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The Genius of Shakespeare.

Jonathan Bate, The Genius of Shakespeare

New York and Oxford: Oxford University Press, 1998. xiv + 384 pp. $17.95. ISBN: 0-19-512823-0.

Parallel in many ways to Gary Taylor's Reinventing Shakespeare (1989), this book seeks to answer why Shakespeare's works have long seemed so exceptional. While Taylor is quite skeptical of Shakespeare's "singularity" (the title of his book's final chapter), Bate sets out from a conviction that Shakespeare's singularity needs to be explained, not proved. Placed in a dialogue that Bate does not foreground, these two books offer something akin to a debate between a village atheist and a village priest. Where Taylor seeks to deny his readers the comfort of a falsely elevated Shakespeare, Bate celebrates this figure's transcendence.

Although, like Taylor, Bate ranges widely over the "Shakespearean" past, he is best at, alternately, the decade just prior to Titus Andronicus, and that which followed Hazlitt's Characters of Shakespear's Plays. And because Bate is interested in the reception of Shakespeare, he is especially good at explaining alternate theories of authorship. His third chapter, "The Authorship Controversy," is the most cogent in the book. Shakespeareans will not be surprised to hear that anti-Stratfordianism arises from the class snobbery and ressentiment of amateurs; yet Bate's succinct refutation of this heresy will save many scholars the labor of entering into a debate which they lose merely by entering.

Bate wrote this book for all who are interested in Shakespeare. The apparatus one associates with explicitly scholarly works -- for example, fulsome acknowledgment of critical debates on a particular issue, arguments with received opinion -- is therefore not a part of it. More pressing to Bate is the desire to communicate with a general reader. And apart from the occasional cloying sentence that owes more to journalism than to analysis, Bate's prose here is fresh and honest, and a model for academics wishing to write for a larger audience.

Some of my reservations with the book are contradictory. On the one hand, I felt that it was too long: the eighteenth and nineteenth centuries provide Bate with irresistible episodes, yet in the end stories such as those of Fuseli and Berlioz and Scott tend to blur into one another, losing their force. On the other hand, a book which might well be subtitled Everything I Know About Shakespeare leaves out a great deal that begs to be addressed. For instance, Bate makes no mention of A Funeral Elegy, newly attributed to Shakespeare by Donald Foster. Bate had ample time to weigh the evidence for this attribution, and to make a pronouncement on it; why he declined to do so is puzzling.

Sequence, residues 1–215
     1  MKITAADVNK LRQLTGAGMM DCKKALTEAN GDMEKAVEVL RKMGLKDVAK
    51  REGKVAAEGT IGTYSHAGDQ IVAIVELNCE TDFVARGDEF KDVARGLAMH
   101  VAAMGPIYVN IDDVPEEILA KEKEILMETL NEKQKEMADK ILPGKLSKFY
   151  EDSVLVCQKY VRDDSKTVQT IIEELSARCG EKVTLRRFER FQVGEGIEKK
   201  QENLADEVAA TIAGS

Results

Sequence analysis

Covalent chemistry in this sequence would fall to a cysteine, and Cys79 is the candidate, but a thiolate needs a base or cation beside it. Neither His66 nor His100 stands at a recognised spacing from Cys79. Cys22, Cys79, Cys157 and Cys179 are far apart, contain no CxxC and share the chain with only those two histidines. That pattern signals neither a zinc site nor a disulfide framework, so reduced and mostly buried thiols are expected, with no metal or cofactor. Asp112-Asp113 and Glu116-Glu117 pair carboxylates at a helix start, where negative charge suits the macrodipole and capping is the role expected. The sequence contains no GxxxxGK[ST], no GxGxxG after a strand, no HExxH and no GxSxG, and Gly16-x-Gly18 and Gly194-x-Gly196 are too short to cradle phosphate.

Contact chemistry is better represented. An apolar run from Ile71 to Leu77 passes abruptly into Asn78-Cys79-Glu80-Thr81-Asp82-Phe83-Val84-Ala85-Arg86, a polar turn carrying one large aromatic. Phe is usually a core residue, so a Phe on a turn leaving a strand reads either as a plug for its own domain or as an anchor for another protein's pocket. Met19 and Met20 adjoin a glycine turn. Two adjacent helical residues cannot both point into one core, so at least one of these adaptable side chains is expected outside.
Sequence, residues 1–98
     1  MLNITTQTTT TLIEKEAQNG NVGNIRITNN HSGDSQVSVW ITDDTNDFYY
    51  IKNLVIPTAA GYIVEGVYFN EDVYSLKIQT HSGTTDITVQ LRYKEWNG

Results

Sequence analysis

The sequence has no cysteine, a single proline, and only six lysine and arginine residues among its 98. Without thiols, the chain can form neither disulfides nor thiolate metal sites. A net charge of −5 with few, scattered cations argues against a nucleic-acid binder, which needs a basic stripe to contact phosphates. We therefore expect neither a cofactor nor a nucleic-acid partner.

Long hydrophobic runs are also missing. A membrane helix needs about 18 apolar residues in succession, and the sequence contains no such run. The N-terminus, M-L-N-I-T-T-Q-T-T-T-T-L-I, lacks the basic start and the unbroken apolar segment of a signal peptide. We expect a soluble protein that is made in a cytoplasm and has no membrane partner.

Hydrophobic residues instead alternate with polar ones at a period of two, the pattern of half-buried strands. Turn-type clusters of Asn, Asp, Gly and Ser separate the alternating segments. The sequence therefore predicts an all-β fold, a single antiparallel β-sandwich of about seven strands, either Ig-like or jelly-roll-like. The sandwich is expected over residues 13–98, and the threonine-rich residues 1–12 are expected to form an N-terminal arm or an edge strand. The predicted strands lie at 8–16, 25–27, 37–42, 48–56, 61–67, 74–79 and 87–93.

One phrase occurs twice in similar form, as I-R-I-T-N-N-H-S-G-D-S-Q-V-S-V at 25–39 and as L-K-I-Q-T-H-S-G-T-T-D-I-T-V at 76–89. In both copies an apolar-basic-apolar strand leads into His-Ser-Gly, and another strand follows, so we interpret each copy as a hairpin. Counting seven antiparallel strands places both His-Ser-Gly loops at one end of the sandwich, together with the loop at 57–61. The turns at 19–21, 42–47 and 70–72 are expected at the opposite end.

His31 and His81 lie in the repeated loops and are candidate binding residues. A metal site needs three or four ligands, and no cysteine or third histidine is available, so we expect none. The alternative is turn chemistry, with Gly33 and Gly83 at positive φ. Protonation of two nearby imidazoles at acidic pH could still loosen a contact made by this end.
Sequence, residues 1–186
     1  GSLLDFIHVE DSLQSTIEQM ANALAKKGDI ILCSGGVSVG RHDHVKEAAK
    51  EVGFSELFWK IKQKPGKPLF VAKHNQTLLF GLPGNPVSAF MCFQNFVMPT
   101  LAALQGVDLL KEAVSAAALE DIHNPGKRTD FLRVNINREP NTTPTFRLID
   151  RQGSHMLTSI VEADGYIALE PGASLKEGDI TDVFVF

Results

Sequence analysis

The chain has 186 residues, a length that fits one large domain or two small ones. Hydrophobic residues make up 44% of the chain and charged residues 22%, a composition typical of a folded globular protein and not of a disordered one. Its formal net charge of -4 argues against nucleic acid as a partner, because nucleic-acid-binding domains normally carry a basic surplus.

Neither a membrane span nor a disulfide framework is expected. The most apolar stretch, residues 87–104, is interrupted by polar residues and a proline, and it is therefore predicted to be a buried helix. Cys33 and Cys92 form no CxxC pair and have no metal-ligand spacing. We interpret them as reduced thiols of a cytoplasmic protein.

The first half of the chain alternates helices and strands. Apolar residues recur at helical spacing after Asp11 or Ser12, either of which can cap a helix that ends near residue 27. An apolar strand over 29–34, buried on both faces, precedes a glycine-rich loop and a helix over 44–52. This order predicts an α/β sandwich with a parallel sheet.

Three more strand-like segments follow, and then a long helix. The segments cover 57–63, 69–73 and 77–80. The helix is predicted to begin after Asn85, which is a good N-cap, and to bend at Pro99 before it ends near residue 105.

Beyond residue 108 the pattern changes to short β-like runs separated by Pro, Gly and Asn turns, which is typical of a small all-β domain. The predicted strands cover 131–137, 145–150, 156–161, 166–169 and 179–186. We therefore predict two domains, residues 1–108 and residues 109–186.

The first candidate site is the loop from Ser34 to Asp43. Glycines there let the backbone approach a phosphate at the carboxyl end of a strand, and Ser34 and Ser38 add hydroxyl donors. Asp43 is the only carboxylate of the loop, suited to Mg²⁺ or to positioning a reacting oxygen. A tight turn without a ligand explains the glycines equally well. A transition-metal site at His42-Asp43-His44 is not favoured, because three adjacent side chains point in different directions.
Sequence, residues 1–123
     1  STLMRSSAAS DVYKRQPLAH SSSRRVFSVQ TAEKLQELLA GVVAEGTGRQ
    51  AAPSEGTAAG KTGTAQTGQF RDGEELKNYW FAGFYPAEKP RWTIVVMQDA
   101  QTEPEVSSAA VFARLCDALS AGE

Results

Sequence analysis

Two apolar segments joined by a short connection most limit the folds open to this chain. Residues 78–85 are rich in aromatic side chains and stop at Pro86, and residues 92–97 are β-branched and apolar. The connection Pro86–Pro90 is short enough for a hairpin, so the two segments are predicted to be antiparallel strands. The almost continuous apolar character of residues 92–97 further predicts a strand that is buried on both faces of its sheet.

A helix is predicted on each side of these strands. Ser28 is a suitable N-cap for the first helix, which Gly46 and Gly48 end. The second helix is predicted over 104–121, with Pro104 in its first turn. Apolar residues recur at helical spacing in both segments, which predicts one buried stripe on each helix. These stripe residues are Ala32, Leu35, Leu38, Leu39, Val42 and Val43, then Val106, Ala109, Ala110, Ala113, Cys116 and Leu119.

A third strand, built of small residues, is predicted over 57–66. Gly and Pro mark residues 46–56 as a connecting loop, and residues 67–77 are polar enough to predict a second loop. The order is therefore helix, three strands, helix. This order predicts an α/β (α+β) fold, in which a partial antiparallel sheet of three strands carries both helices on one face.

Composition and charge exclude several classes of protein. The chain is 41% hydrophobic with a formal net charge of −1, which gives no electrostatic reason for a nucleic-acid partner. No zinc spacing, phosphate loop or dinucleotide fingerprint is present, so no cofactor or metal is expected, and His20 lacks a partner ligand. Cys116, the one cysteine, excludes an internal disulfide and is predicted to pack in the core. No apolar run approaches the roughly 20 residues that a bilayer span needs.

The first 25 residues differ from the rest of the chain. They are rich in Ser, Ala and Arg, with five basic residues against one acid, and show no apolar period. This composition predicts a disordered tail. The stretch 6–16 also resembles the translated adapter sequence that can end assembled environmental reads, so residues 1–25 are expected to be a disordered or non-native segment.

Bate's story here about the Sonnets benefits from dating them to the early 1590s. While a Jacobean date for various of these poems is not a given, recent scholarly argument to that effect deserves to be considered. It is also in Bate's discussion of the Sonnets that he most sorely tries his readers' patience. Simultaneously rejecting and offering a biographical reading of these poems, Bate would have us believe that he resolves this problem by stating that "the sonnets are imaginings of potential situations which might have grown from the initial Southampton situation" (54). That is, that while there may have been a real Dark Lady, Young Man, and Rival Poet, the sonnets do not tell a real story. Although this thesis sounds thoughtful and judicious, it is actually only a rhetorical solution to a dilemma.

Were there any doubt that Jonathan Bate is a quick study, this book should remove it. Author or editor of a half-dozen books before he was forty, Bate has written here the broad, reflective narrative that one typically expects to come from scholars at the end of their careers. It is full of "crowd pleasers," the stock-in-trade anecdotes and stories that Shakespeareans rely on when speaking to general audiences. In seeking to reach such an audience, however, Bate sometimes simplifies, and sometimes ignores, the complexity which scholars are usually compelled to address.
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Title Annotation:Review
Publication:Renaissance Quarterly
Article Type:Book Review
Date:Sep 22, 2000
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